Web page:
16 Photos That Prove Alaska Is a Winter Wonderland
Marvel at wintry wonders such as gorgeous glaciers, snow-capped mountains, and the Northern lights.
“In December, I had the opportunity to travel on this road near Juneau, Alaska. As I was driving, I came across a stretch of snow and frost in the trees overlooking a beautiful snow-capped mountain. I think Jack Frost passed by the area to make this magical winter wonderland,” says Bryce Anderson of Juneau, Alaska. We found the most scenic drives in America.
“Glacier Bay is beautiful. This photo reminds me of my time in Alaska—hours spent running through the snow-covered landscape with my family, spotting moose and bears, and seeing mountains that stretch past the clouds,” says Aidan Higgins of Rockfall, Connecticut.
“This tree was still turning colors before the snow and frost came at Eielson Air Force Base in Alaska, creating a beautiful contrast,” says Amy Thomas.
“A couple of winters ago, we had some guests come for a few days to our remote Alaskan lodge. They planned to spend New Year’s Eve back in Anchorage watching a fireworks display. Nature had other plans—a storm rolled in and they were stuck. But late that night, the sky cleared and a stunning Northern Lights display took place. They told us the next morning that nature’s show far surpassed any fireworks,” says Joseph Bramante of Palmer, Alaska.
Snow and sunshine
“Alaskan winters can get long and cold. One of our favorite ways to break up the long days is to get out and enjoy the winter landscape. I took this picture of my wife and our dog as they soaked up the sunshine. No matter how many times we see this view, it never ceases to captivate us with its grandeur,” says Joseph Bramante of Palmer, Alaska.
“I took this picture at Glacier Bay National Park in Alaska while on a cruise ship. The color of the glaciers is such a vibrant bright blue. You are surrounded by incredible beauty,” says Debbie Haraszkiewicz of Cement City, Michigan. These unique travel experiences put all-expenses to shame.
“When we first saw this bison at Denali National Park, he had his face buried in the deep snow,” says Frederick Selanders Jr. of Covington, Ohio.
“It is simply amazing to explore Denali National Park in the fall. The window of time between the seasons is unbelievably short. This was a rare opportunity to see fall turn to winter,” says Laurie Gerber of North Pole, Alaska.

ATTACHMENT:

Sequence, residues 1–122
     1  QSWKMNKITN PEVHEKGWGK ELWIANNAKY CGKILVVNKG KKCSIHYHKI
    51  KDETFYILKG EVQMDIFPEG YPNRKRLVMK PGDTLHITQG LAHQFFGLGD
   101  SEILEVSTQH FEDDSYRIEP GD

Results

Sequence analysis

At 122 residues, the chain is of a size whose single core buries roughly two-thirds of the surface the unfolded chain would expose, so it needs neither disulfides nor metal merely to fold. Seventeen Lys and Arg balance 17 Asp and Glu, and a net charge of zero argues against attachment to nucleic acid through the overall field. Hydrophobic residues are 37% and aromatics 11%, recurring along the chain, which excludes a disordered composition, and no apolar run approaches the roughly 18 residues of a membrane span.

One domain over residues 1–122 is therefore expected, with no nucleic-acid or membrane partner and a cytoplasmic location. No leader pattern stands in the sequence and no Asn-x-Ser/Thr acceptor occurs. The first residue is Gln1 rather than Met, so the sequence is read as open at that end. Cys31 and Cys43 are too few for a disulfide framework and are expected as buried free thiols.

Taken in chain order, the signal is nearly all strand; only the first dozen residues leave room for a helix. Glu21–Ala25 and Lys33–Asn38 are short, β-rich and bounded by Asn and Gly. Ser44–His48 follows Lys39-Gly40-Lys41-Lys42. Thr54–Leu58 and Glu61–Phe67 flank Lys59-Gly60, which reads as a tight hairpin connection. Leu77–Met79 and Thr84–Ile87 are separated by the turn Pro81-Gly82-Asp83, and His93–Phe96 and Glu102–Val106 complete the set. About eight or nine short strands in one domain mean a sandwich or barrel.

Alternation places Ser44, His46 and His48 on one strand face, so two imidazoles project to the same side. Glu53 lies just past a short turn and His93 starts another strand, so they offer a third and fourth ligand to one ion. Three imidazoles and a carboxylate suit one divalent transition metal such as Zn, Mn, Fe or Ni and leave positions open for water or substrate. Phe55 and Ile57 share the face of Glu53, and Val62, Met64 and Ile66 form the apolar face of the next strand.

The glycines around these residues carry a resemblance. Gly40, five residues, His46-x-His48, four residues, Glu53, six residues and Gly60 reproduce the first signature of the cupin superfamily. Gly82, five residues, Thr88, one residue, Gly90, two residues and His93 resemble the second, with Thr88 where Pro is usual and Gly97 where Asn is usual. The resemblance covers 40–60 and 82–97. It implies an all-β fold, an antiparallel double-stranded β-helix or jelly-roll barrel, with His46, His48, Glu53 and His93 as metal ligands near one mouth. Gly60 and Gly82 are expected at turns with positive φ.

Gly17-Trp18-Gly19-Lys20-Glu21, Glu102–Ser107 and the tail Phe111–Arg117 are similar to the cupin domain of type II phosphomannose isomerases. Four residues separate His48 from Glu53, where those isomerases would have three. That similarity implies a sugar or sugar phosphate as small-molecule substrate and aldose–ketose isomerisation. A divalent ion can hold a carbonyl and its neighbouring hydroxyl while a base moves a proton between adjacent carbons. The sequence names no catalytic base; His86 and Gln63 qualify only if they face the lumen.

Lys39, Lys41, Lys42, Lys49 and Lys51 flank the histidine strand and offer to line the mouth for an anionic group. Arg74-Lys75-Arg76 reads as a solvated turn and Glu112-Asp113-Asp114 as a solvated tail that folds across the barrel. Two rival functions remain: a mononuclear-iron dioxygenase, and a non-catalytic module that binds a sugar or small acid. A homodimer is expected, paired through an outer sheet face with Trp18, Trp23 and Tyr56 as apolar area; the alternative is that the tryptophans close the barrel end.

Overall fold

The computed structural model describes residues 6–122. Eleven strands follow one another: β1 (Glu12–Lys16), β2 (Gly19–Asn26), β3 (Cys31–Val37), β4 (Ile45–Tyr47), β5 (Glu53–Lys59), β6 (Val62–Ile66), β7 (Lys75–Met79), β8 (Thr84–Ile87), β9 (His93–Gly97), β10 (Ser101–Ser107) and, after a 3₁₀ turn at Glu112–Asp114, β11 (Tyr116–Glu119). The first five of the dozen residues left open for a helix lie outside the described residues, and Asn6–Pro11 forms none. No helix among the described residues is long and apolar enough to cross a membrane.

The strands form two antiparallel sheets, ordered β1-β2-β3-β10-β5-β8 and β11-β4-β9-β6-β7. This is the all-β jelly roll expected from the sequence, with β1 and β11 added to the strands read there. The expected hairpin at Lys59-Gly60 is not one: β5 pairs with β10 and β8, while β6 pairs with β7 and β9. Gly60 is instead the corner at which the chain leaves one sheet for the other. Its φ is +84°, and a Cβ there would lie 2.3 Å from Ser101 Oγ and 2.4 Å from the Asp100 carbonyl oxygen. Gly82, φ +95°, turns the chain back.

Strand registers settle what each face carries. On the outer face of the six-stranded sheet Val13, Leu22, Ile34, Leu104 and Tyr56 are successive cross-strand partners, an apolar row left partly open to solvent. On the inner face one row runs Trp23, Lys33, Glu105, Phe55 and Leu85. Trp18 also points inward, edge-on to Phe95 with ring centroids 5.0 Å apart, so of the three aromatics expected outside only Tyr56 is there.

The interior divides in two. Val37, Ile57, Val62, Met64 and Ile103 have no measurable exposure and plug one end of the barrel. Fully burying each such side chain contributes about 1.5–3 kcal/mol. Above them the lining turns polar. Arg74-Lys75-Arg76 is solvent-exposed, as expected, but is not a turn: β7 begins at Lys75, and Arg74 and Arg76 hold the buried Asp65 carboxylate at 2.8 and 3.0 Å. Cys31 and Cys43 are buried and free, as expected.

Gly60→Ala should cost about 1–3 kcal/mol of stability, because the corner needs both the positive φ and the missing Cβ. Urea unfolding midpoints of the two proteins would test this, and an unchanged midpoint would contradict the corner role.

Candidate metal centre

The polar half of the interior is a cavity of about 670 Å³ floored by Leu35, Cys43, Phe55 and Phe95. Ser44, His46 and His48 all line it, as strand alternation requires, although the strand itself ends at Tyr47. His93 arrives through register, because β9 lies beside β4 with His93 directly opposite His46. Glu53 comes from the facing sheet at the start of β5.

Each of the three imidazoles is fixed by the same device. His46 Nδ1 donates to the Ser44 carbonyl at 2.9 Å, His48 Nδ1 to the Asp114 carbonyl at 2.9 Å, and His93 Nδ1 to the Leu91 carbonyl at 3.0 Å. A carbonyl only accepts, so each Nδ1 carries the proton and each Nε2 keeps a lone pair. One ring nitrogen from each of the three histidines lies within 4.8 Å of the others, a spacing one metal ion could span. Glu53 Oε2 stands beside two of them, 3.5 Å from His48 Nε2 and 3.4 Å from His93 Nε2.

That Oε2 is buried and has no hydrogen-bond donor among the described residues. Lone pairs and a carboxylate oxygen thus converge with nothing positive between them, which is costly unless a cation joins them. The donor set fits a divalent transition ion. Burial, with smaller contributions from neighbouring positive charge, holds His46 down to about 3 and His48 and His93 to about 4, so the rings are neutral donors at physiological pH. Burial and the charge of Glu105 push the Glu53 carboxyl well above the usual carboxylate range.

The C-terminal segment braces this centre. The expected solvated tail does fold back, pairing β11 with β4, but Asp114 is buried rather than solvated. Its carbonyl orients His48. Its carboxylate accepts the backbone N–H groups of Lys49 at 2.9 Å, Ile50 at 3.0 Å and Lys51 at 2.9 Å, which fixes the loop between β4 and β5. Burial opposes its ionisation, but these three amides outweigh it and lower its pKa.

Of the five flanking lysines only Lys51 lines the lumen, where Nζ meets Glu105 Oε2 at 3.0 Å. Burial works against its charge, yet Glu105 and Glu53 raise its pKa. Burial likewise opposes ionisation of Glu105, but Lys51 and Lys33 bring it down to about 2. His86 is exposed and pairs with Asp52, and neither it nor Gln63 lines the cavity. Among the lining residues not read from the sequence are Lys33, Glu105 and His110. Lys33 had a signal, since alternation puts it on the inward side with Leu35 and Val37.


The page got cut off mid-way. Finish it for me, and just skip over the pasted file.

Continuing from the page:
“As winter begins in Denali National Park, the Dall sheep find their way to lower slopes on the Alaska Mountain Range. Dall rams were plentiful as the snow started to cover the fall foliage,” says Laurie Gerber of North Pole, Alaska.
“My late uncle, Bill Sheldon, dedicated his life to traveling, nature, and photography. He loved Denali. Unfortunately, he passed away in 2013 after battling Parkinson’s disease, which stole his ability to enjoy nature, travel, and take stunning photographs like this one,” says Nicole Sheldon of Milwaukee, Wisconsin.
Long winter nights
“My family and I live less than 100 miles from the Arctic Circle in the interior of Alaska. This photo was taken in the middle of December at about noon. This is as high as the sun gets that time of year,” says Laurie Gerber of North Pole, Alaska.
“While on a photo tour in Alaska last winter, I was astounded by the gorgeous winter scenery. It was hard not to keep saying, ‘Oh wow!’ and forget to press the shutter button. The snow-covered trees and mountains just took my breath away,” says Katherine Plessner of Verona, North Dakota.
“As I was walking down the street behind the hotel in Fairbanks, Alaska, two moose came out of the bushes and started walking toward me, a mother and calf. I snapped a picture and took a step back. I was very happy when they turned around and went into the trees,” says Katherine Plessner of Verona, North Dakota.
“Dog mushing is the state sport in Alaska. Come winter, the dogs and mushers are ready to be out on the trails! The excitement warms the heart and soul of everyone who loves winter in the north,” says Laurie Gerber of North Pole, Alaska. Check out more majestic photos of the real-life North Pole.